It feels like only yesterday I was enjoying a strenuous squash game with my teenage son. The last thing I remember was my racquet hitting the ball into a perfect shot. There was sumptuous delight in demonstrating to Timothy that I was still on top form. I hadn't forgotten how he had goaded me in our last game about my weight slowing me down.
Then quite unexpectedly, I dropped dead.
Whaaaaat? Where was the warning signs? Apparently, I had been taken down by a ‘silent heart attack’, not even a flea’s chance to clasp my breast and look one last time into my beautiful son’s terrified eyes.
Some days pass.
On an overcast day on the outskirts of Anytown, at the ritual scattering of dirt onto my coffin, the last vestiges of my earthly energies forced me at speed out of the grave and upwards, hovering ten feet above the vicar. I would have screamed with the shock of it -- if I had lungs. I could see and hear, but I had no corpus, therefore no sense of touch. I kept checking to see if I had been left with a faint outline of my deceased lifeform, but there was nothing.
My elderly parents and son, plus my ex-wife amd her new hubby stood together. Close by, a tiny group of other mourners were shuffling about. I recognised my rotund family doctor, and a couple of old school friends.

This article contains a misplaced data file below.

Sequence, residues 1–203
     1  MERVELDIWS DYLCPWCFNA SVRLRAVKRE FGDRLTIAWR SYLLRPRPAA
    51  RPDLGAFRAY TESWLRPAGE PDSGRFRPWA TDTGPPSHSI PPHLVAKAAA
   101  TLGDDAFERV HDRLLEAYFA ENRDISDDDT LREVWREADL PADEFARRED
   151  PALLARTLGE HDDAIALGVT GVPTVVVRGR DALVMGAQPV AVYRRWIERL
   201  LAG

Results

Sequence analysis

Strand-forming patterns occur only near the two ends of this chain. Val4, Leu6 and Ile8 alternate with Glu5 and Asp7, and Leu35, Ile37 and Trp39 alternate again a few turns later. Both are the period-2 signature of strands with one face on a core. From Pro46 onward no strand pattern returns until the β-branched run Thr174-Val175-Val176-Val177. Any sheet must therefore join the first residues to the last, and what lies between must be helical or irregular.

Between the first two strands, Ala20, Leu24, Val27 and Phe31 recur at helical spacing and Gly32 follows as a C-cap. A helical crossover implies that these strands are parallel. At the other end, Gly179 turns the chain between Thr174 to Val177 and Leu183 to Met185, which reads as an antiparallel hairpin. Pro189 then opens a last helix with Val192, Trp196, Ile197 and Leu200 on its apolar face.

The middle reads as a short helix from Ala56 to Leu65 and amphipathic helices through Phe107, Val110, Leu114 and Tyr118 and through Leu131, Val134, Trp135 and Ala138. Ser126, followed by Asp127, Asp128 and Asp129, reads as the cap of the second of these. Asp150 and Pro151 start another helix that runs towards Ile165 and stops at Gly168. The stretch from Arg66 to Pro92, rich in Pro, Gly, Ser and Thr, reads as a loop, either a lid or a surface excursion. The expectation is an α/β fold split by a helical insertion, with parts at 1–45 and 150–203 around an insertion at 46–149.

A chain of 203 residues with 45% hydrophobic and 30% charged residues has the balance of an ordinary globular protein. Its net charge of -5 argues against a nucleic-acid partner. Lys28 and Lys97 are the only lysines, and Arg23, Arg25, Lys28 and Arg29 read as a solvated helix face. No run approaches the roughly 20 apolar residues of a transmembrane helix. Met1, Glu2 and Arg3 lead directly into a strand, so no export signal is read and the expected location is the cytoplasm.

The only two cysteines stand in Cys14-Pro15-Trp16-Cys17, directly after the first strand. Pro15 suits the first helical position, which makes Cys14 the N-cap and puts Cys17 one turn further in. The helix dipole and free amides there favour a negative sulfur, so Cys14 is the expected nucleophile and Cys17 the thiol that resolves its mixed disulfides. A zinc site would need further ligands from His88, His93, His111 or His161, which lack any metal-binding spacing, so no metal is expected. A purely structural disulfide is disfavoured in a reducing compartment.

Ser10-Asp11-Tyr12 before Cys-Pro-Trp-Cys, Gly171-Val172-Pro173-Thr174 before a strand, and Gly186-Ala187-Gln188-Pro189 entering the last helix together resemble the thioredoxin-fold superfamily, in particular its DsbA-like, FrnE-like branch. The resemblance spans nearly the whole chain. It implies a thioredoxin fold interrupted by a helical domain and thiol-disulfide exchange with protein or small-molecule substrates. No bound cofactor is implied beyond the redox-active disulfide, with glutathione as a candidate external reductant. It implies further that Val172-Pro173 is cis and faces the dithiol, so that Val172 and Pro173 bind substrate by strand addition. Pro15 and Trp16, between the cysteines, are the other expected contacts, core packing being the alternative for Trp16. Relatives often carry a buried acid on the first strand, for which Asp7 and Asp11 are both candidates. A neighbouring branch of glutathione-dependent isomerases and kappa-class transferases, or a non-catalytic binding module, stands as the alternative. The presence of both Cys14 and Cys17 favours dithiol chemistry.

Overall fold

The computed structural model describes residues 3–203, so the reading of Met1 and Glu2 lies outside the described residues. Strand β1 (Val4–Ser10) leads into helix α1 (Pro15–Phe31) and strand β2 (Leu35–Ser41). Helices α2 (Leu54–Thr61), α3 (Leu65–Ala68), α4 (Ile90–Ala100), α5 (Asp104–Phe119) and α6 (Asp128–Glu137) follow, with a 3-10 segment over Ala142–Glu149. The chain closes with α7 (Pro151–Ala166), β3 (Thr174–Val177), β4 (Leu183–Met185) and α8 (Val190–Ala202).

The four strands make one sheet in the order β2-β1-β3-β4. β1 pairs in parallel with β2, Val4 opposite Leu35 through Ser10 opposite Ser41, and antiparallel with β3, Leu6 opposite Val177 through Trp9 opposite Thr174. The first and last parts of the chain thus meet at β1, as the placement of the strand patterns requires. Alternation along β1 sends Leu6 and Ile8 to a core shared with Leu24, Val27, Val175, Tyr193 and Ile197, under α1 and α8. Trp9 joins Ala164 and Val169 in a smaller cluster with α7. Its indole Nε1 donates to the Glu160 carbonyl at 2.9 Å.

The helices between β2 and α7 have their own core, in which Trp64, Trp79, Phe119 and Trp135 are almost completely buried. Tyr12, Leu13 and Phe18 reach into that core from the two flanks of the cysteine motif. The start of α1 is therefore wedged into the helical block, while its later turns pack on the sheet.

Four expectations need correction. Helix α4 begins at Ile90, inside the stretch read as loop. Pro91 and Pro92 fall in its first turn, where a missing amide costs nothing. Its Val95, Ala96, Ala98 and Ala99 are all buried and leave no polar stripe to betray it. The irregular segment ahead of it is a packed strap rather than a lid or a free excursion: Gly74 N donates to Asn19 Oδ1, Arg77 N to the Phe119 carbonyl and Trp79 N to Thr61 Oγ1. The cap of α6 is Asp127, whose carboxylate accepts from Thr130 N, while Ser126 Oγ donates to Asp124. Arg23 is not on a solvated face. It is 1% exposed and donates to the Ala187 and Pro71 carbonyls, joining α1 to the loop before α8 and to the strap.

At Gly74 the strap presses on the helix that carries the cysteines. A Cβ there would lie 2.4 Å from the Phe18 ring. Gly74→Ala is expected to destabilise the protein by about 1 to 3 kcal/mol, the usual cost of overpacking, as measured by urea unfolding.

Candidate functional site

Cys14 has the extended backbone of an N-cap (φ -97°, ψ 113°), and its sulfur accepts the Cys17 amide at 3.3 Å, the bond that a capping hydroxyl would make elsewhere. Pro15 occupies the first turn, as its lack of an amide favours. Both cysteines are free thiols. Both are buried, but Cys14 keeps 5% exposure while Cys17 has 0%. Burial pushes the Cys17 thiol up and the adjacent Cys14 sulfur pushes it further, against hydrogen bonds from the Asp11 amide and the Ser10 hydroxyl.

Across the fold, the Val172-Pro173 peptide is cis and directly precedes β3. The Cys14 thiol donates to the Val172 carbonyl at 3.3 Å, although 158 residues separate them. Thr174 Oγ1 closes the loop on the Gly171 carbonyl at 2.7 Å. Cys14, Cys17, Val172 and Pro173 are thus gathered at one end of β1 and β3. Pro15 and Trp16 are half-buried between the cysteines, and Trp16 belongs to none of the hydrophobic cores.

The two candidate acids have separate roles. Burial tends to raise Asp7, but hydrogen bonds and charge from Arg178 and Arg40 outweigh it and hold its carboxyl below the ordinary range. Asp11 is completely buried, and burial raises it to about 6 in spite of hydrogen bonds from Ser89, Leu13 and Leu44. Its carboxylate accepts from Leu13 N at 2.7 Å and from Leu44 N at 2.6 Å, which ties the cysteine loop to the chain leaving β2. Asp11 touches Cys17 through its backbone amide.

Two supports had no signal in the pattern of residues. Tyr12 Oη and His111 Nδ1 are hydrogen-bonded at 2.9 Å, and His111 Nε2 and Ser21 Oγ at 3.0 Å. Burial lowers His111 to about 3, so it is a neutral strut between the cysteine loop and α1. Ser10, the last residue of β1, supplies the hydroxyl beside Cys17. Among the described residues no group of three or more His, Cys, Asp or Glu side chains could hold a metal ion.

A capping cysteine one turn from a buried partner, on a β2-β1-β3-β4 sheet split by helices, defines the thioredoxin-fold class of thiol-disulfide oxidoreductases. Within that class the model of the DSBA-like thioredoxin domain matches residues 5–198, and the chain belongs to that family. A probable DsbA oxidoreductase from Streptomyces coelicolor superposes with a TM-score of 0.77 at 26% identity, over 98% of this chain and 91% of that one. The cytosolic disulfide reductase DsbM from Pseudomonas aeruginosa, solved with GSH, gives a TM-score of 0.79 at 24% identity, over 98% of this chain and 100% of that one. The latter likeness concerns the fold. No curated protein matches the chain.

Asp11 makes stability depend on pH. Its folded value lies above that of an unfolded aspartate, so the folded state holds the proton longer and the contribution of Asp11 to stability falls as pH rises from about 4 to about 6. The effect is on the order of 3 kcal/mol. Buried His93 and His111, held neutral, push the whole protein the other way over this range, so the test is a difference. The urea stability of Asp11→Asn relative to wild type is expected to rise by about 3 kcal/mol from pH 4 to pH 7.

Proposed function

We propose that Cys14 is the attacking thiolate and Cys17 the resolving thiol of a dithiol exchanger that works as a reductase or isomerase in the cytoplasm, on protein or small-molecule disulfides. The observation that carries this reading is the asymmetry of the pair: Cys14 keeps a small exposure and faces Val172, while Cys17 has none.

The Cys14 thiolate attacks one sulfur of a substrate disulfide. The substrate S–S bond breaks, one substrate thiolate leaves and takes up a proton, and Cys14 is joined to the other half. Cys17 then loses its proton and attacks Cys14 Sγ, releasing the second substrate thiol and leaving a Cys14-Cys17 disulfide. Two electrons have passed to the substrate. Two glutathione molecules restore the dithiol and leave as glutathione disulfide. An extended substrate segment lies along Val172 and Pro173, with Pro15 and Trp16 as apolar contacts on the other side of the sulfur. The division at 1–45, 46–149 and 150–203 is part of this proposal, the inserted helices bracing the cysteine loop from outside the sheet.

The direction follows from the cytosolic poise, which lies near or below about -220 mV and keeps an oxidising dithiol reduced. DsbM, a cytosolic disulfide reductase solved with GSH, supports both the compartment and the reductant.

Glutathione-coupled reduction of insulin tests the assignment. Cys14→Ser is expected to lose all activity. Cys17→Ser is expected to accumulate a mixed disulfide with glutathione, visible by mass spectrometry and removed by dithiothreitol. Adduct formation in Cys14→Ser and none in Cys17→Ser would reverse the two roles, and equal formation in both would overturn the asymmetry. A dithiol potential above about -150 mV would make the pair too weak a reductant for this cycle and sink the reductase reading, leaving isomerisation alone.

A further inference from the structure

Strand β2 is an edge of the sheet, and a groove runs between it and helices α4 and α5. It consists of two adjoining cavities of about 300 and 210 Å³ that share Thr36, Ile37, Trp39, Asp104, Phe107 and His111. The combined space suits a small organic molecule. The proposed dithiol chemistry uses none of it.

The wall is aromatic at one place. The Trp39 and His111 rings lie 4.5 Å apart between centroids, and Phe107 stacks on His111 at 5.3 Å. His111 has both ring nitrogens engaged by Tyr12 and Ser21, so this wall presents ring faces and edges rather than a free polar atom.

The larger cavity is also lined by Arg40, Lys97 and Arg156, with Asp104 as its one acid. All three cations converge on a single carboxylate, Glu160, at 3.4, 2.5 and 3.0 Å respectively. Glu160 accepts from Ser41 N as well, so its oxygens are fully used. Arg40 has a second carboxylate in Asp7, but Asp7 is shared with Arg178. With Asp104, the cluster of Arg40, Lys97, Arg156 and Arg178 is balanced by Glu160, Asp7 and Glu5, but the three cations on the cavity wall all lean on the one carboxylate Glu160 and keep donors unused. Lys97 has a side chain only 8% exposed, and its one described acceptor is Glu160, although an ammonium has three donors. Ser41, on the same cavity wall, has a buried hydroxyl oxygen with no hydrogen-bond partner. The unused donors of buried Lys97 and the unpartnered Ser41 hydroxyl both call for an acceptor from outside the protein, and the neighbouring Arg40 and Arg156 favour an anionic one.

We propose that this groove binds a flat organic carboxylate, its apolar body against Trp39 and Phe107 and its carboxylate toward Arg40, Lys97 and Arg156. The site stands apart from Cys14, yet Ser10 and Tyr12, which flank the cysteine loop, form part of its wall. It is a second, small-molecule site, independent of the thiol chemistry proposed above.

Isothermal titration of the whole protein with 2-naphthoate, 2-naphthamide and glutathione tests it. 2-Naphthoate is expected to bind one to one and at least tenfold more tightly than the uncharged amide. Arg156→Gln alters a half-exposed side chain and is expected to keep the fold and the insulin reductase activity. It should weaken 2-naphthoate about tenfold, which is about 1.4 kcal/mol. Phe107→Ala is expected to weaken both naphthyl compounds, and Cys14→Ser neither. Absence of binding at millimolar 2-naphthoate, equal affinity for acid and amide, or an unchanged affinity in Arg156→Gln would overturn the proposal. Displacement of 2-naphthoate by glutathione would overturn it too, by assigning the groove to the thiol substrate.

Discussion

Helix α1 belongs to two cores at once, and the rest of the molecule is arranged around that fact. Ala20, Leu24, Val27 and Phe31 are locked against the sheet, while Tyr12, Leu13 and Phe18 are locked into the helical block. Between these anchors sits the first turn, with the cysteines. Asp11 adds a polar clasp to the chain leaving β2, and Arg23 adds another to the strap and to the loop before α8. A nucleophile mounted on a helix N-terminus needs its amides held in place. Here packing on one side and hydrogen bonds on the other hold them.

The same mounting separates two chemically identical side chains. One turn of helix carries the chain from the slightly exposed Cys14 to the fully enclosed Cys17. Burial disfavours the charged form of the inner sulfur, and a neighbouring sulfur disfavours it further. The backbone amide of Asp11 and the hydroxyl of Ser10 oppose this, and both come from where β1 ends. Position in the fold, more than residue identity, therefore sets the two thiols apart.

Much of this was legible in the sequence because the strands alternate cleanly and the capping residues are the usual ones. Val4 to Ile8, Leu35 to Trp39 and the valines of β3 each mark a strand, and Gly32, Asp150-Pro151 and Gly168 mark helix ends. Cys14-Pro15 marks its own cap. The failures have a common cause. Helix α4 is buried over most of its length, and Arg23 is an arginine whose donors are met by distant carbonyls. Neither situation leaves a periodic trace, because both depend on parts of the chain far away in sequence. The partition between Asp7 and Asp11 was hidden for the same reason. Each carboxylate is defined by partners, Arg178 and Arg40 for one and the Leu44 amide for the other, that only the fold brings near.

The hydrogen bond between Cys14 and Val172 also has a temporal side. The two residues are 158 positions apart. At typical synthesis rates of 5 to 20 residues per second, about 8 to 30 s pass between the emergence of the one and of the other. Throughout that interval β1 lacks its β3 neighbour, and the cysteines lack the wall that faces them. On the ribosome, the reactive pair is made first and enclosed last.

I was perplexed to note that I could overhear multiple conversations, though no one seemed to be talking. Then it struck me. I was able to pick up thoughts!
You always put making money over family. Maybe now you'll rest, you fool - Linda, my ex. I noted she was flaunting the diamonds and designer outfit I had given her.
Hope there's beer at the wake - Timothy
Swapping your heart pills for placebos was a doddle. Thanks for bequeathing me the million dollars. Moron. Dr Richard Lang. You sly old bastard.
I practised mobilising in my new invisi-state. Without limbs and a nervous system, it was a tricky endeavour. After a few minutes I managed to knock off Linda’s hat, though as it occurred during a gust of wind, I couldn’t be sure it was down to my efforts.
Next I tried to communicate to Timothy, with all my might, that I would always love him. He did look up and scratch his ear.
Finally, I wafted over to my parents, hugging them as best I could. They huddled a little closer together, and Dad muttered, “We’ll get through this,” to which Mum whispered back, “I know, I feel like he’s here somehow.”
Finally, I flew to the neighbouring plot. The marble headstone read: Here lies Brian and Vanessa Lang, and our beloved son, Richard. I did my best to stomp over the grave, and was gratified to see Dr Lang’s face go pale and his hand going too slow for his angina spray. As he fell, I too descended.
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